…As if most 18-22 year olds have a real dream that doesn’t involve playing for the NBA. But let’s settle for various shades of liking different majors different amounts. Never mind that how much you like a major is only part how much you like the subject material and a much larger part how good the faculty is at teaching it.
Sorry. Getting ahead of myself.
A big debate on personal finance blogs is whether someone should major in what they “love” and the money will follow, or whether they should major in something that will provide them a job when they graduate in 3-5 years. If you do the former, you’re doomed to work at Denny’s the rest of your life. If you do the latter, you have no soul and are doomed to a life of drudgery.
A related debate concerns the same question, but whether or not (or how much) you should go into debt for graduate school. That will be addressed in a future post.
Turns out that the answer is not either or for either question, though which side of the rich in security vs rich in life spectrum you’re on is different for the two questions.
Let’s start with college.
Unless your dream involves becoming an engineer or nutritionist or some other major that you need the degree and training for, your major does not really matter. And even with these specific fields, you can always take more classes after graduation and get a masters if you are willing to pay for the career change. It is true that math majors make more than general studies majors, and that is for two reasons: 1. math majors ON AVERAGE are smarter and more focused, so having a math major signals that your average smarts are higher than your average general studies majors and 2. the supply/demand of how mathematicians think is less in supply/more in demand than for the way a general studies major is taught to think (do general studies majors perceive the world through specific methods?)
What a lot of the folks who tell you to “follow your dream” don’t seem to realize is that how how much you enjoy doing a specific job is only part of the utility maximization function. Some people have things in their utility functions besides dinosaurs (assuming said person is over the age of 10) or Victorian romance novelists or whatever a person enjoyed studying most in college. Some people like things such as… free time, job security, oh… and high salaries. Some people like having nice things, or traveling, or taking vacations. Sometimes, if these people take a job that they really like instead of a job that they would love if they were employed, then they get to max out on all these things in their utility functions.
Another thing that follow your dreamers often don’t seem to understand is the idea of compensating differentials. Basically, people will pay you more to do a job that’s unpleasant for the majority of people. People will pay you less to do a job that lots of people enjoy doing. In economics terms, people will pay you X amount more to take on Y amount of disutility. That’s one reason that economics jobs pay more than history jobs… it is more fun being a historian than being an economist. (And yes, it is true that a lot of crappy jobs also don’t pay well, but they pay better than they would if they weren’t crappy… disutility is only one portion of what goes into a wage– skills, credentials, productivity, etc. these all drive wages up or down. Being a professor is more fun than flipping burgers and pays better, but it also takes a lot more education. If flipping burgers was fun, they’d be able to pay less to do it depending on minimum wage constraints.)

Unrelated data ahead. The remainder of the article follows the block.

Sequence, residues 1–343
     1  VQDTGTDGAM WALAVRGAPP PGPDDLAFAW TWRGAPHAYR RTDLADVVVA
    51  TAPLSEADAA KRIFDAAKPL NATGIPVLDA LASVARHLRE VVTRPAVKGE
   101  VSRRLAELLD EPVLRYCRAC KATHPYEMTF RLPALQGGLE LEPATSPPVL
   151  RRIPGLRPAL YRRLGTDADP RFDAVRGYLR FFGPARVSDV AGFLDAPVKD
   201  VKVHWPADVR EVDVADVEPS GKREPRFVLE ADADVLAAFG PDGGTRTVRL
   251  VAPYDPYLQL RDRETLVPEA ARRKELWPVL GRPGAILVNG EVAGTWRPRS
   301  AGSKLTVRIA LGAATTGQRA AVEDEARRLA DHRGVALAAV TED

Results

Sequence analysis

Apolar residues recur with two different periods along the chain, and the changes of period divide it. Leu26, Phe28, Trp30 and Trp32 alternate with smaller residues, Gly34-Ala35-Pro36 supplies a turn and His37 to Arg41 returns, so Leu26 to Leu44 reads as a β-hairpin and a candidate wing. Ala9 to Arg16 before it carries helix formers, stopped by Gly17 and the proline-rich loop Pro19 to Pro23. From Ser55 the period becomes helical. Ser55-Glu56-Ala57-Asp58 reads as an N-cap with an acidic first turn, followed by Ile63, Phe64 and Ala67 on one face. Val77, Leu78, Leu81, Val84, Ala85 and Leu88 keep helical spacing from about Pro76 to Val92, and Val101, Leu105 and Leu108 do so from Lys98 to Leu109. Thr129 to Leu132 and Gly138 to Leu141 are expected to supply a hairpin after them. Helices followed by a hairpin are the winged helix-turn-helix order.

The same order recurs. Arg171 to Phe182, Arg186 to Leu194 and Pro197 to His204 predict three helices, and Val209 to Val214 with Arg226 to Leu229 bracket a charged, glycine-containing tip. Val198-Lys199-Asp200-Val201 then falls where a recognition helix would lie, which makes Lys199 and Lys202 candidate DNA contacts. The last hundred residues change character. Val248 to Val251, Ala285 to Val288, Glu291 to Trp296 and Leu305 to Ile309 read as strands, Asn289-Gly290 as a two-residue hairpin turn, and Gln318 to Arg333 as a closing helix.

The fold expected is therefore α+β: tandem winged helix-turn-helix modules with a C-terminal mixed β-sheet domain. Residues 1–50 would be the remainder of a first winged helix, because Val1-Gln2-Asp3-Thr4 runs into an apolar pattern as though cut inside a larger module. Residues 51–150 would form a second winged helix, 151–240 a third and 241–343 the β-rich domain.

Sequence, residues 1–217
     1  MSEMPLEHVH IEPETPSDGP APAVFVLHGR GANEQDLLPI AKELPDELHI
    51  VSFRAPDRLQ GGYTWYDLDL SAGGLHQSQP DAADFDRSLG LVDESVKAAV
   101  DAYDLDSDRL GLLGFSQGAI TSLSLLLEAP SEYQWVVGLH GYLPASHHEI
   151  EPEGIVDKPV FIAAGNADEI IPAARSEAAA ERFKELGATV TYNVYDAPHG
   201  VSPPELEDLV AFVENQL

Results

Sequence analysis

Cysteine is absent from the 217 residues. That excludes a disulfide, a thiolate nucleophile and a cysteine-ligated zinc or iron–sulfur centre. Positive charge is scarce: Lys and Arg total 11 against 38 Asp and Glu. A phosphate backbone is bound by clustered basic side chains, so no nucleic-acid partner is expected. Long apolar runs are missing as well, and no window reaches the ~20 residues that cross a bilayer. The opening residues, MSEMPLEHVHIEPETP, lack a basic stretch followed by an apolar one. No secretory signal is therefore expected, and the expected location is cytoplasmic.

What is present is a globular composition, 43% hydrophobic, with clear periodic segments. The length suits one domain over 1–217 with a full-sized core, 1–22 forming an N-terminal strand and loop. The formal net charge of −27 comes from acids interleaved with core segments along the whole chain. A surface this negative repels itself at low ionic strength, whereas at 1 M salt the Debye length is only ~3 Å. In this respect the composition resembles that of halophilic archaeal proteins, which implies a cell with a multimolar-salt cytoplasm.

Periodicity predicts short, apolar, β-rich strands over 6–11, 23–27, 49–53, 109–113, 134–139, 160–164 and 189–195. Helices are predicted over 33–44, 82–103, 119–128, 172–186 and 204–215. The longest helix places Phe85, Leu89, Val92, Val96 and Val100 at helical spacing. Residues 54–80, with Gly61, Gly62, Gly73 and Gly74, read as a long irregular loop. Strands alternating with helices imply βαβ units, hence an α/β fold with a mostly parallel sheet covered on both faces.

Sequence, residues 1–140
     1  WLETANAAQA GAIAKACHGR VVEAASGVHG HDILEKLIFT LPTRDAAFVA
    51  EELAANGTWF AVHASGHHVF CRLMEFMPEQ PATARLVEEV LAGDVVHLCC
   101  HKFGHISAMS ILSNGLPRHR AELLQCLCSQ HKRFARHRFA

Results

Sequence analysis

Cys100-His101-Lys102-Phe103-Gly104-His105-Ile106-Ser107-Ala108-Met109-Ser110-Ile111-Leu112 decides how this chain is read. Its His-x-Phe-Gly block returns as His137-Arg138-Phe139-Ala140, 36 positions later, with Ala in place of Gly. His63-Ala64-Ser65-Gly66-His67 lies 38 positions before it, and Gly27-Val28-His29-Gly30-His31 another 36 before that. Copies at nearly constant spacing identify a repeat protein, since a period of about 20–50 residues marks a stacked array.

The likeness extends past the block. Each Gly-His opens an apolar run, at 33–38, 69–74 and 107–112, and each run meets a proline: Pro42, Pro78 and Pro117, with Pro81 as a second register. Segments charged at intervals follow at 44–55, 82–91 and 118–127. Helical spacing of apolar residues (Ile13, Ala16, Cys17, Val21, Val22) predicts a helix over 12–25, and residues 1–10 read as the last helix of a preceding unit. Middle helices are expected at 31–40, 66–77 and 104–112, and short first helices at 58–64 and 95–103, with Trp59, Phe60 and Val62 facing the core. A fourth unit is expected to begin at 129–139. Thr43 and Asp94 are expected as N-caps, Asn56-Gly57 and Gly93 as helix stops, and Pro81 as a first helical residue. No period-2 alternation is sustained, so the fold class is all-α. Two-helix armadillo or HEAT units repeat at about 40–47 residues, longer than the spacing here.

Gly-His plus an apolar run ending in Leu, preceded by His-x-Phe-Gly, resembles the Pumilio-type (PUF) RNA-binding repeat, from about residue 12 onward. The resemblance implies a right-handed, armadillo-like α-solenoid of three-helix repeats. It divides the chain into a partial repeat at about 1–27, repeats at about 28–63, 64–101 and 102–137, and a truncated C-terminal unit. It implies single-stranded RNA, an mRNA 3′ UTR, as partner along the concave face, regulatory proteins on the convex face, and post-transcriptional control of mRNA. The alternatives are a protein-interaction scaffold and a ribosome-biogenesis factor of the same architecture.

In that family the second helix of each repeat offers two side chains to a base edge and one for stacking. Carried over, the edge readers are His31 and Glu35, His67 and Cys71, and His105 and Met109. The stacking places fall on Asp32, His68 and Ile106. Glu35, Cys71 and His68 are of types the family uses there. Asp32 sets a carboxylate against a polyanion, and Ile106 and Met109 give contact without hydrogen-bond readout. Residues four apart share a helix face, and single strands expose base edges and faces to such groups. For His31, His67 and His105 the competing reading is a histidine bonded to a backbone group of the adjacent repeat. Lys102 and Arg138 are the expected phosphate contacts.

Then there’s the demand-side for passions. A lot of people seem to have similar passions, meaning that you might not be able to get a job with your passion even were you willing to accept a lower wage for it. And really, if I were to follow my passion, nobody would pay me for it. There just isn’t a market for sleeping in and reading novels unless it’s combined with something distasteful like not getting to choose the novels or having to write about said novels, and even those fields are difficult to break into. Heck, most schools you can’t major in that… maybe that’s what all those general studies majors are doing.
So should you follow your passion? Well, weigh ALL the pros and cons. Your work is only one part of your life (even if you’re an academic). Think about your second choice options. How much more do you love your passion than doing something else. Look at employment statistics and wages and career paths for your passion compared to second choices. Are you willing to waitress as a day job while applying for acting jobs? Or live in a rural area not of your choice possibly adjuncting for a few years before landing a position teaching college-level English? Weigh pros and cons and probabilities. Think about the desirability of the back-up plans. It isn’t an easy decision. If you love your passion more than anything in the world and are willing to put up with hardship of one form or another to pursue it as a job instead of a hobby, then go for it. If your passion pays well and has good employment stats and you’re good at it… well, that sounds pretty obvious. If you’re not crazy about spending a few years in the minor leagues possibly never getting into a major, well, then maybe your back-up position in engineering that you enjoy and are relatively good at is a better idea. You can still play amateur on weekends and after work.
Where do you fall on the following your dreams question?